Plant a population of seeds for the most effective emergence. The preferred recommendation is planting 10% more seeds than the final crop yield you are aiming to achieve. The industry average for germination is around 95%, and while De Dell seeds have a history of performing well north of that, it is always a good idea to mitigate risks beyond your control whenever possible.
Ensure that the soil you are planting in is moist. If your soil is dry, it makes it more difficult for the seed to latch into the dirt and grow effectively. However, you must also be mindful to avoid the effects of soil compaction. Soil compaction occurs when the ground does not allow nutrients to reach the seed, and can happen when your soil becomes too moist. Moisture can be gained through irrigation and natural conditions, while soil compaction is fought off by avoiding excessive field work.
Planting correctly isn’t only about having the right soil conditions; the depth of your corn seeds is also important. If seeds are planted too shallow then they will have nowhere to grow; if they are planted too deep then cold soil can negate their growth. The ideal depth is between 3-5 cm, shallow enough for the warmer temperatures that exist near the surface, but also still deep enough to access moisture that seeds need to grow effectively.
Proper spacing for growth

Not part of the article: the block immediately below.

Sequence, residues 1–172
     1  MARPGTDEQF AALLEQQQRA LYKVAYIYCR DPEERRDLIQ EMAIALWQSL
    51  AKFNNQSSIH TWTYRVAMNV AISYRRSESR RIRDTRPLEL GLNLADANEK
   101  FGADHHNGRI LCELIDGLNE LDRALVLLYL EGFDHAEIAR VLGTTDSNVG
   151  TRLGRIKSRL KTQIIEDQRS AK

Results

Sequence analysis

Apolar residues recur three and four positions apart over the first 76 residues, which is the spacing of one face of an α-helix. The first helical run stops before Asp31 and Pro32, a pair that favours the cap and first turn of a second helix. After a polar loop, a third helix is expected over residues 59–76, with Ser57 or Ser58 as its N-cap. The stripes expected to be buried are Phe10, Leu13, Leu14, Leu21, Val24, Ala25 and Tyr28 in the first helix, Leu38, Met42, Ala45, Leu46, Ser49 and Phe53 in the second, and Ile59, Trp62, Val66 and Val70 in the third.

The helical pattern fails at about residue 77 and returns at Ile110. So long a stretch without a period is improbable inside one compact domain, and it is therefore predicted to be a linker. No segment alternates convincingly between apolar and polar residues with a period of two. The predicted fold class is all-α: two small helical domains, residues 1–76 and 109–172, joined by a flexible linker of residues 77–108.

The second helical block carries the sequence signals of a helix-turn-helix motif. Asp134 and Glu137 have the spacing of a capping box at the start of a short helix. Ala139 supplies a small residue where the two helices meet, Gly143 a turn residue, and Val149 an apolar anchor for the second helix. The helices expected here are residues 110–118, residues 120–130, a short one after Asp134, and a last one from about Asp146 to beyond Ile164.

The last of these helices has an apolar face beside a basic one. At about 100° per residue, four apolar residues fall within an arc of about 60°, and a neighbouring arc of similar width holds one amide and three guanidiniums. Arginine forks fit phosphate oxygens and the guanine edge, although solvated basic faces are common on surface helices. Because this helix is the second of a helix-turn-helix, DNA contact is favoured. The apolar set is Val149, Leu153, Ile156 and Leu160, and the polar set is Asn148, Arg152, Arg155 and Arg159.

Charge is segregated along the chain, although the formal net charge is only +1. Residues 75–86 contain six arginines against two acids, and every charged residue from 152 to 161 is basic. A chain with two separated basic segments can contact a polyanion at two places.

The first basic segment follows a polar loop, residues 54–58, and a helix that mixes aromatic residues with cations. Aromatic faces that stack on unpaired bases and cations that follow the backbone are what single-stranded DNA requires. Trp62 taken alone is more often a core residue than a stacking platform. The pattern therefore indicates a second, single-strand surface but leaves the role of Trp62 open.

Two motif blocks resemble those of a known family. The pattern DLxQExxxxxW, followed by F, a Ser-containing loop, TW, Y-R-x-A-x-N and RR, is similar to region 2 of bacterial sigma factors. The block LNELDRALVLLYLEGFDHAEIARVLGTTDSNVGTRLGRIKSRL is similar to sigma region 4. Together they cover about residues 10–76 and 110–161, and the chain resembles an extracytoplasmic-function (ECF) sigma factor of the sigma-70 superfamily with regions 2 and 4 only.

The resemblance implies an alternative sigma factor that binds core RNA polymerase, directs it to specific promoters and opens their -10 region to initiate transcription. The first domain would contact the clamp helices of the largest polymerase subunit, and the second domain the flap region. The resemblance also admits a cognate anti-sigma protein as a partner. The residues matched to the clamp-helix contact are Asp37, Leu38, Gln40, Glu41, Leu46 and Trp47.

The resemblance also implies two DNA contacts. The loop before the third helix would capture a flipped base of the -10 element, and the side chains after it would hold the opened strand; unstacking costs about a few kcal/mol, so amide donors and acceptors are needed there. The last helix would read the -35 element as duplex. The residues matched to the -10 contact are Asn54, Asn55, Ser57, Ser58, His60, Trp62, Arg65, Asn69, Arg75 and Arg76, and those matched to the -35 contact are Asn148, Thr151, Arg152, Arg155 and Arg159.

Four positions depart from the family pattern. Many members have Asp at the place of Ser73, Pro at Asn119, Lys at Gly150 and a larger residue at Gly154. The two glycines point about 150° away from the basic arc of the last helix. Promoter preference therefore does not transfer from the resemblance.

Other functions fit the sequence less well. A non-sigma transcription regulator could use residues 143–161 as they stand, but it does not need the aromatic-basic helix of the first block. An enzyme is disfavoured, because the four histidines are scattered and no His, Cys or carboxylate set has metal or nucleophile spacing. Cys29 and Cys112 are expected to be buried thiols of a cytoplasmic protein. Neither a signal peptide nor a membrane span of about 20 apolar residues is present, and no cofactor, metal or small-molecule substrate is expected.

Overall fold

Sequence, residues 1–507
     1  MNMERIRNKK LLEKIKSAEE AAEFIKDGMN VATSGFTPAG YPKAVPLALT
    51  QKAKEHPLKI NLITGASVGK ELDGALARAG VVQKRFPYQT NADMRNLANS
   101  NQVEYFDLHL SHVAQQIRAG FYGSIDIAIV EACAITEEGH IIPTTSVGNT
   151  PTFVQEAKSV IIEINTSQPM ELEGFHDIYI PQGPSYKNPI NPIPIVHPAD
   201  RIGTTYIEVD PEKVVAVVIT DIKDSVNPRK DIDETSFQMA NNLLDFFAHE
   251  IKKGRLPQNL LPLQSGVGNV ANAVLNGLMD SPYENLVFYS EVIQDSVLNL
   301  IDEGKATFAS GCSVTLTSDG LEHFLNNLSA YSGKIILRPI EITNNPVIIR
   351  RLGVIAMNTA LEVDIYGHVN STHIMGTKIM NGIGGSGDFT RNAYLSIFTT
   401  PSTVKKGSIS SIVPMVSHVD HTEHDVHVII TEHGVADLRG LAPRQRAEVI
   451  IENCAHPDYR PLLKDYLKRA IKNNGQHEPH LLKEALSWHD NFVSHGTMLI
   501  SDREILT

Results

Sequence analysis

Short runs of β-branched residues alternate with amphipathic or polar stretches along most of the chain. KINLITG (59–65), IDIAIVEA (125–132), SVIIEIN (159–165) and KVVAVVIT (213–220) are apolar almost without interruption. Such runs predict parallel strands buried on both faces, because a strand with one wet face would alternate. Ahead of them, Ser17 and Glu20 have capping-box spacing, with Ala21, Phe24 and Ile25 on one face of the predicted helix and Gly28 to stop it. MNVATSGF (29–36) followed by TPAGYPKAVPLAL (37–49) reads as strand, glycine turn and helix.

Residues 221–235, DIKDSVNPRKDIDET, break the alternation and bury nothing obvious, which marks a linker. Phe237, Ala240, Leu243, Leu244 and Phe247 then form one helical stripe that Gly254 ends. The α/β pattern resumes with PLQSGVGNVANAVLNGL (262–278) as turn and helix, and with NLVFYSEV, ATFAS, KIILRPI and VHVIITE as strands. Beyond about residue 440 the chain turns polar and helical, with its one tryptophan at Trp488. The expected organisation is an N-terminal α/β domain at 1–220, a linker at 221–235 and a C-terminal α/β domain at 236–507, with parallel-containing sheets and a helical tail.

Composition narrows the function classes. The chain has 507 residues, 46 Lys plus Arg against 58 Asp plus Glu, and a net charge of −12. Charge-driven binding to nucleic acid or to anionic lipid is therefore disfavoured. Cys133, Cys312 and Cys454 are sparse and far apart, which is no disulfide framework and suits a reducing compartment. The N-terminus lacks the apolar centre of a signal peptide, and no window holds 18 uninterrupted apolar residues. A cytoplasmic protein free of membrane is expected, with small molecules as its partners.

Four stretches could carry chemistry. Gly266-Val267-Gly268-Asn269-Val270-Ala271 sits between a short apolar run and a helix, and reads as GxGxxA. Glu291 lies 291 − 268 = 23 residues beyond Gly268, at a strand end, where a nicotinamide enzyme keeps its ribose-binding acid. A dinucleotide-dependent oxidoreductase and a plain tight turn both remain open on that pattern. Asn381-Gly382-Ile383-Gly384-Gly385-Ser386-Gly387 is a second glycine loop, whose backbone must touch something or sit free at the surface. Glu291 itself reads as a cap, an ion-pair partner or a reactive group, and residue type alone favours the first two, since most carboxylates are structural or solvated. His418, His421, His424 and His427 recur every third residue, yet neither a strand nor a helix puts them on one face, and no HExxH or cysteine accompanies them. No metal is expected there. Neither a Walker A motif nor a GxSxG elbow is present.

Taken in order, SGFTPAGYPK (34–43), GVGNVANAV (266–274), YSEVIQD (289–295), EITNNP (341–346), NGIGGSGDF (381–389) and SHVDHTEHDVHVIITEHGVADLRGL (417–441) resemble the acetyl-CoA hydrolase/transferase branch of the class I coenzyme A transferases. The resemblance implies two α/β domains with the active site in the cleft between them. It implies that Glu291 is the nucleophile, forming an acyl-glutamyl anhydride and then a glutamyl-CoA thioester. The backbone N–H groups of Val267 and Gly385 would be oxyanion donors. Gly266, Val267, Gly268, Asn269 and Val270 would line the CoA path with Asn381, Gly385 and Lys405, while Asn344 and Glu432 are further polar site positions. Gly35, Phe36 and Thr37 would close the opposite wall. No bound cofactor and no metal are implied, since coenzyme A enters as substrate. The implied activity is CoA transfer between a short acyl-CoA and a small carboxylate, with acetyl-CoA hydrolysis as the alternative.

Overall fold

When planting corn in rows, you want to ensure the you give each plant enough space to thrive. Most corn hybrids have a flex type ear on them which will continue to grow under the proper conditions. These types of hybrids like to be planted at a moderate population between 28,000 to 32,000 plants per acre. Other hybrids have a more determinant ear which means they grow to a fixed size and can handle a higher planting population from 32,000 to as high as 40,000 plants per acre. Consult with your local De Dell Dealer for the optimal planting populations for hybrids on your farm.
Plant with Uniformity
The best way to plant corn seeds is to plant with uniformity. As your corn is emerging, it’s important that it isn’t overshadowing other corn crops that are just beginning to grow. If corn is overshadowed, it will lose out on important wind pollination. Planting corn in uniform rows can help mitigate risk of overshadowing so that your corn crops have access to the elements they need to grow.
The corn planting process is dependant on soil temperature, as corn tends to struggle in cooler and extremely hot temperatures. The optimum soil temperature for growth of corn occurs at any point above 10 degrees celsius. On the other hand, growing corn becomes risky when your soil is warmer than 38 degrees. Keep things pleasantly warm, and avoid overly hot soil conditions.
Certain soil types lend themselves more to planting corn, and it is important to know whether or not your soil is suited for optimized growth and emergence. For example, fine-textured soils are less able to hold onto water and moisture, when compared to medium or coarse textured soils. Understanding the kind of soil you’re dealing with, such as a soil which takes longer to warm up to the temperatures needed for seed growth, is an essential aspect of growing corn.
Tiling Your Crops
Tilling is an important process when growing corn, because it can help loosen soil up to give it the best opportunity to grow seeds. When preparing to plant seed corn, ensure that you are tilling effectively — but not unnecessarily. Avoid working wet soil, because excessive tilling can hurt your soil’s ability to remain fertile, and therefore lowers potential crop yields.